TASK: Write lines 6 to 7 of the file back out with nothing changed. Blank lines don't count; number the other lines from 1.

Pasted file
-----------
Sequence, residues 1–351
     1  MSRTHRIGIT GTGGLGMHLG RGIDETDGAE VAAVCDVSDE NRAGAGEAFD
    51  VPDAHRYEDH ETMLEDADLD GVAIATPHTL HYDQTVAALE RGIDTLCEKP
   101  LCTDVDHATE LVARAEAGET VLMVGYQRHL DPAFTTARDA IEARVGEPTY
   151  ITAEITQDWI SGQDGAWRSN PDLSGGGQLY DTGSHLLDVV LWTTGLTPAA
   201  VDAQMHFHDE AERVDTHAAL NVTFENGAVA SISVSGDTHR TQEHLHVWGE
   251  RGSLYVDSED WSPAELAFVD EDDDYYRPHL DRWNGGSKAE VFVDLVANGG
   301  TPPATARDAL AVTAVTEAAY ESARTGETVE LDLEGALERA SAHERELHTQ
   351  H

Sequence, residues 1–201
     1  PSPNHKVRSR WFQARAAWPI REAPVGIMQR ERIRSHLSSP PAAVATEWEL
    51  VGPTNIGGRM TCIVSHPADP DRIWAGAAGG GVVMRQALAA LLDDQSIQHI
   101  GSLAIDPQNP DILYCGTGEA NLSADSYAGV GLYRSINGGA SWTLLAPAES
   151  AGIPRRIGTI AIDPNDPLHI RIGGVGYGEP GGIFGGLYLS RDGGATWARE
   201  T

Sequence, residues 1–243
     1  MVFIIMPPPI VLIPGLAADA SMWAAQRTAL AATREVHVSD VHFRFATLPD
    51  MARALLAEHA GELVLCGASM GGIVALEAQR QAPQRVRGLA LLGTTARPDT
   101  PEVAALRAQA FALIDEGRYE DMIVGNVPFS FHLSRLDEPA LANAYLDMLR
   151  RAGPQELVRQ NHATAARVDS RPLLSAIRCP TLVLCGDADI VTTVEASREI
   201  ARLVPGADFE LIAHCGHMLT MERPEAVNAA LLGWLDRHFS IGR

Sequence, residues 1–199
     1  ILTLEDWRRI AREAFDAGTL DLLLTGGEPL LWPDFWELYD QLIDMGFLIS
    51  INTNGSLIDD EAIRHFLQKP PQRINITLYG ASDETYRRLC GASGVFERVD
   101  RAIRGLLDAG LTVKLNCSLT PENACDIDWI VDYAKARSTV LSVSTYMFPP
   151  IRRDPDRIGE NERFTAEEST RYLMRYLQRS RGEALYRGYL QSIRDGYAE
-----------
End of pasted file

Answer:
   201  VDAQMHFHDE AERVDTHAAL NVTFENGAVA SISVSGDTHR TQEHLHVWGE
   251  RGSLYVDSED WSPAELAFVD EDDDYYRPHL DRWNGGSKAE VFVDLVANGG